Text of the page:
Mint, Sage, and Rosemary Pesto Sauce

Preparation info

  • Makes

    3 Cups

    • Difficulty

      Easy

Appears in

Jeremiah Tower Cooks

By Jeremiah Tower

Published 2002

  • About

In 1994, Judy Rogers, the chef and co-owner of my favorite San Francisco daily hang-out (with the best margaritas in California), wrote me a note saying “I love the mint pesto. MAY I STEAL IT?”

All pestos, whether basil, rose petal, mint, artichoke (Jerusalem or globe), cilantro, or nasturtium flower, with nuts or without, can be made (and certainly made faster) in the food processor. However, there are advantages to using a mortar and pestle. The gentler action of this hand-process produces better flavors and brighter colors, each being an indication of the other. In addition, a pesto made in a mortar is less likely to separate while you are making it and will not break later. Please never be tempted to use a blender, which will oxidize and thus mar the delicate flavors and colors of the leaves or vegetables you are using.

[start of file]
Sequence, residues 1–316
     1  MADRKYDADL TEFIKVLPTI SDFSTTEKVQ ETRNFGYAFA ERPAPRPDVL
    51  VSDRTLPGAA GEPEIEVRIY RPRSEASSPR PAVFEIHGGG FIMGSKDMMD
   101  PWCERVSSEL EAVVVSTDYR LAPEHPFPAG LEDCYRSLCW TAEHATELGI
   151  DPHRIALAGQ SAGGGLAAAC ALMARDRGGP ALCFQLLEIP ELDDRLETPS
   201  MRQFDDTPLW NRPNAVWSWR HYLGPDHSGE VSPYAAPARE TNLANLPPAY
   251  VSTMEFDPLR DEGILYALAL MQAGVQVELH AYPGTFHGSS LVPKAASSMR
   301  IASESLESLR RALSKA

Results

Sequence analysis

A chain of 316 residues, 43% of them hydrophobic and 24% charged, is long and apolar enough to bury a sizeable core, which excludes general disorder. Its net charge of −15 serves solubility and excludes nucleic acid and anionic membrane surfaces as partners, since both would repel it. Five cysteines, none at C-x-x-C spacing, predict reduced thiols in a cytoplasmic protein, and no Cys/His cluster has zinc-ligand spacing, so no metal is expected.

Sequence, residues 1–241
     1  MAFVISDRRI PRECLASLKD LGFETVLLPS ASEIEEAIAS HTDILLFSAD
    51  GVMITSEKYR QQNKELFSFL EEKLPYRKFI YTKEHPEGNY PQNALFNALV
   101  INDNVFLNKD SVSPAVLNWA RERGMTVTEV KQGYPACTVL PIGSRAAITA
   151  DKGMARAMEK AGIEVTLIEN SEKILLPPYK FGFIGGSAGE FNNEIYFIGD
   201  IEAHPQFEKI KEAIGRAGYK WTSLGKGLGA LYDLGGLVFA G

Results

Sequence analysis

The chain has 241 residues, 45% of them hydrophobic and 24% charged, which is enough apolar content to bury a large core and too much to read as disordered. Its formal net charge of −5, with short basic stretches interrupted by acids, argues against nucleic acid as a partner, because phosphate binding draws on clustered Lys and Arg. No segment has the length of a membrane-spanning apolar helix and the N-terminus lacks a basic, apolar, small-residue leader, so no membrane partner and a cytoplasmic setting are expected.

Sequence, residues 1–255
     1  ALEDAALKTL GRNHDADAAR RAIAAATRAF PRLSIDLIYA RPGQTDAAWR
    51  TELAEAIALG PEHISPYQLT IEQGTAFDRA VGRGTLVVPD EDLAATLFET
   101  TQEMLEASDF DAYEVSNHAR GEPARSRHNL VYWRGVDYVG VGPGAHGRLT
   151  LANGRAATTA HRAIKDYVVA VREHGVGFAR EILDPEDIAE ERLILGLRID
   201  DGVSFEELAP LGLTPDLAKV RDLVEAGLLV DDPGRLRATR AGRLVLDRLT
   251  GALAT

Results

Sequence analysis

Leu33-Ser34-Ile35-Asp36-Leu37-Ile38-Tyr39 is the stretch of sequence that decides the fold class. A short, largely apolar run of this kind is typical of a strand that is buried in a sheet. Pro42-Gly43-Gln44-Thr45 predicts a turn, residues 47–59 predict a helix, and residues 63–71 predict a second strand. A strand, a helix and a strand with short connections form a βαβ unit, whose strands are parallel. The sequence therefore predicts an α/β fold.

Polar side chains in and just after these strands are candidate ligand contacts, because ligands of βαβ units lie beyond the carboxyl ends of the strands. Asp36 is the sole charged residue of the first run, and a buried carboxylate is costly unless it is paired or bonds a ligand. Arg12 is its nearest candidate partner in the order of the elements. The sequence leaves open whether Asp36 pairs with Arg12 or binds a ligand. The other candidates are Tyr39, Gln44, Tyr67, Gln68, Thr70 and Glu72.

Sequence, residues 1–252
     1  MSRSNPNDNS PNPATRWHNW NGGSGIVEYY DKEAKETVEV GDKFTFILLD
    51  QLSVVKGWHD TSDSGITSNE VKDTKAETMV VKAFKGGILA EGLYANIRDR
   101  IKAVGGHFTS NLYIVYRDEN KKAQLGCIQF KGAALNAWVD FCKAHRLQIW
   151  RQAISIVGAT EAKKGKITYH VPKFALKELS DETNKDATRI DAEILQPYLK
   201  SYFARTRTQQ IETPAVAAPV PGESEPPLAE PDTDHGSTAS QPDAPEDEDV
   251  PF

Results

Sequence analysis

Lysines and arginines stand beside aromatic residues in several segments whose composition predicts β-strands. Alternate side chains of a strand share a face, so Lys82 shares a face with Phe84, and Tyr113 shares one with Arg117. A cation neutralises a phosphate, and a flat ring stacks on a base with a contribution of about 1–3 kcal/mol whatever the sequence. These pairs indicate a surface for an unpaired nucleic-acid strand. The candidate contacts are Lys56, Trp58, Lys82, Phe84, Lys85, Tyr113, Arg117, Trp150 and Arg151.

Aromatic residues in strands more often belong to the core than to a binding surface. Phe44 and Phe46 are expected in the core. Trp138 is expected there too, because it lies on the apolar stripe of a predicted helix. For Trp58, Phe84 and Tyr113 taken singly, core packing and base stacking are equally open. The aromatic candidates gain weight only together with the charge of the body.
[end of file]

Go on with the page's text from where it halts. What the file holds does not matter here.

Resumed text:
Traditional basil pesto contains Parmesan cheese. I prefer ewe’s milk cheese, and also the whole family of manchegos—their mild and subtle flavors are a perfect complement to fresh herb pestos.

When making pesto to serve with pasta, hearty vegetable soups, and baked potatoes, use the cheese. For saucing fish dishes, omit the cheese (as here), using breadcrumbs instead of Parmesan.

Do not try to force the proportions. Sometimes a little more or less oil will be just what you need.

Ingredients

    Method